Psychologists claim that the top four reasons for a failed relationship are: not making the relationship a priority, selfishness and narcissism, spurts of anger and rage, and cheating. But, even for those who are faithful, stable, and dedicated to the relationship, falling in love is scary for a lot of people. We fear falling out of it, or worse, our partner falling out of it.
Taylor Myers, a 25-year-old poet from Dayton, Ohio, agrees, and shared a raw, emotional piece about relationships ending and people falling out of love.
Simple statements throughout the poem are weighed down with fear and sorrow:
Most people fall out of love for the same reasons they fell in it.
The stark contrast of two people blissful and in love, and the crumbled remains of the relationship, struck a chord with many readers:
Nothing saddens and scares me like the thought that I can become ugly to someone who once thought all the stars were in my eyes.
People were moved and felt the same pain she did:
After the poem made the rounds on the internet and went viral, Myers elaborated.
In the poem, she talks about a class on relationships that she took in high school, Relationships for Life. She found the class invaluable, and credits it for how she handles relationships — all relationships, including friendships.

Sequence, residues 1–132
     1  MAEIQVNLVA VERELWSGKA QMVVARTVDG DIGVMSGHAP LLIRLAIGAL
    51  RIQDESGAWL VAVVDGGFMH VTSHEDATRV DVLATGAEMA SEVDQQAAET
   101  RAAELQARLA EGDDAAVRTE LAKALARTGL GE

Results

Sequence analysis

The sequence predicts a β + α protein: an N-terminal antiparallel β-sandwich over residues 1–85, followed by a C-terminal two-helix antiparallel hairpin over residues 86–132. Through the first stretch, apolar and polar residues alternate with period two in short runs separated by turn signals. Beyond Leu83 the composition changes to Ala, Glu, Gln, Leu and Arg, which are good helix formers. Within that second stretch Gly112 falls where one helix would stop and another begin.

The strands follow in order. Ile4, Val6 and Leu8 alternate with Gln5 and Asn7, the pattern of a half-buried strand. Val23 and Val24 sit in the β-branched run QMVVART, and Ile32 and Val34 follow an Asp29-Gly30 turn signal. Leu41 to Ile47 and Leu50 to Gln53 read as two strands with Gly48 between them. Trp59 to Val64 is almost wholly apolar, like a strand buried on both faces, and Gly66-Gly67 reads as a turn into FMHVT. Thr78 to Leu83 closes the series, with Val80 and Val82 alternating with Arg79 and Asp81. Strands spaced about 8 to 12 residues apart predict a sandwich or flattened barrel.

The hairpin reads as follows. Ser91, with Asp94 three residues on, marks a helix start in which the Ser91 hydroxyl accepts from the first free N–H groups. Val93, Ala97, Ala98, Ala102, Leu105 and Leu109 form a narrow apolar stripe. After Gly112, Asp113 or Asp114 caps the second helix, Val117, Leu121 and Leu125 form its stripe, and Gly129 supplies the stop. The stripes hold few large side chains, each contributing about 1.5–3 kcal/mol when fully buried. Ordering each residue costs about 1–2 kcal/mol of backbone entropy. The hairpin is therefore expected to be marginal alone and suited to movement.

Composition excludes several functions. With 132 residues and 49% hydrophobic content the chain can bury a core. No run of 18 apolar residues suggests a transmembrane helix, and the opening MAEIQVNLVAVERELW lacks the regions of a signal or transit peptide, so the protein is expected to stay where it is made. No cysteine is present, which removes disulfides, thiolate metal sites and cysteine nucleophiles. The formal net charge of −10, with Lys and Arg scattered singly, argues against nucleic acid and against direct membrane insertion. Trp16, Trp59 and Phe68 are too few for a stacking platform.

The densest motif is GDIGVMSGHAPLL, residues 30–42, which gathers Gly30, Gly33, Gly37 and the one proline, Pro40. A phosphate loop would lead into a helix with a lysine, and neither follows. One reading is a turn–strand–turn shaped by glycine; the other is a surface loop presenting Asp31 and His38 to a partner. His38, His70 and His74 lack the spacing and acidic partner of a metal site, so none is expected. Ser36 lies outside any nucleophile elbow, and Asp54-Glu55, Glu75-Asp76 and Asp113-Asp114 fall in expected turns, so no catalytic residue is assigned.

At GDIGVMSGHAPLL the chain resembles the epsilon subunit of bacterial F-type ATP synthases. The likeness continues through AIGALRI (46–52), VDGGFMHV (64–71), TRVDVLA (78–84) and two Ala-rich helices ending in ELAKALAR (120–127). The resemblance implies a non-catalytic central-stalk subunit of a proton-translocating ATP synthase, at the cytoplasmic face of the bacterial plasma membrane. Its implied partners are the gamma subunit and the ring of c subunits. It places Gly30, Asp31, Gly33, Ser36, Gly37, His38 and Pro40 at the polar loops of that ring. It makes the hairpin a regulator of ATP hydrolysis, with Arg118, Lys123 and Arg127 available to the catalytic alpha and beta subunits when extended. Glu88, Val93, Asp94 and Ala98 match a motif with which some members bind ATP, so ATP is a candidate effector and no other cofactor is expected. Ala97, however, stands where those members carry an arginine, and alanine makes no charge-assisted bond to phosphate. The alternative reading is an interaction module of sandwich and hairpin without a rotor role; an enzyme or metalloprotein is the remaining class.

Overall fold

Myers also believes that the class taught the importance of communication:
That class without a doubt molded the way I view and handle all my relationships, romantic or otherwise. And I think they’re all healthier and more transparent because of that class. It should be taught everywhere.
She added in the second follow-up post that she “left out the most beautiful part of the class,” which was when the teacher prompted the students to question and define what love was.
This warm, positive lesson on love went viral once again and touched even more people:
She continued and came full circle, writing that the thing that once scared her more than anything else no longer does. But Myers never expected her poem to blow up at all, much less receive more than one million likes.
She is astonished by the reaction people have had to her writing:
The reaction blew me away. I still get messages weekly from people telling me how it affected them, how it saved their relationship, or how it gave them the strength to walk away from someone that was holding them back.
Hearing that love is a choice had a positive impact on countless people, including couples.
The second post resonated even more than the first:
Some people said reading this made them re-evaluate reasons they get angry with their spouse, and allowed them to let go of insignificant issues that don’t matter in the grand scheme of things.
Some commented that the first step to reviving a relationship is recognizing certain behaviors:
We’ve all been there, haven’t we?
Others felt this, and have chosen to love someone who isn’t willing to do the same:
This applies to anyone — a partner, a best friend, a family member, or even an ex:
Yes, this. People also don’t seem to understand and/or accept that how you treat your ex-spouse is also a choice.
— Tee, a name I call myself (@TerriblyMe) August 19, 2018
One man with decades of marriage under his belt confirmed that, as long as you choose to look for the stars, they are almost always bound to be there.
Grabbing a box of tissues, be right back…
If this young poet and her emotional roller coaster taught us anything, it would be that love can be difficult and terrifying, but worth it to those who choose to keep the flame alive.
Wise words, Taylor.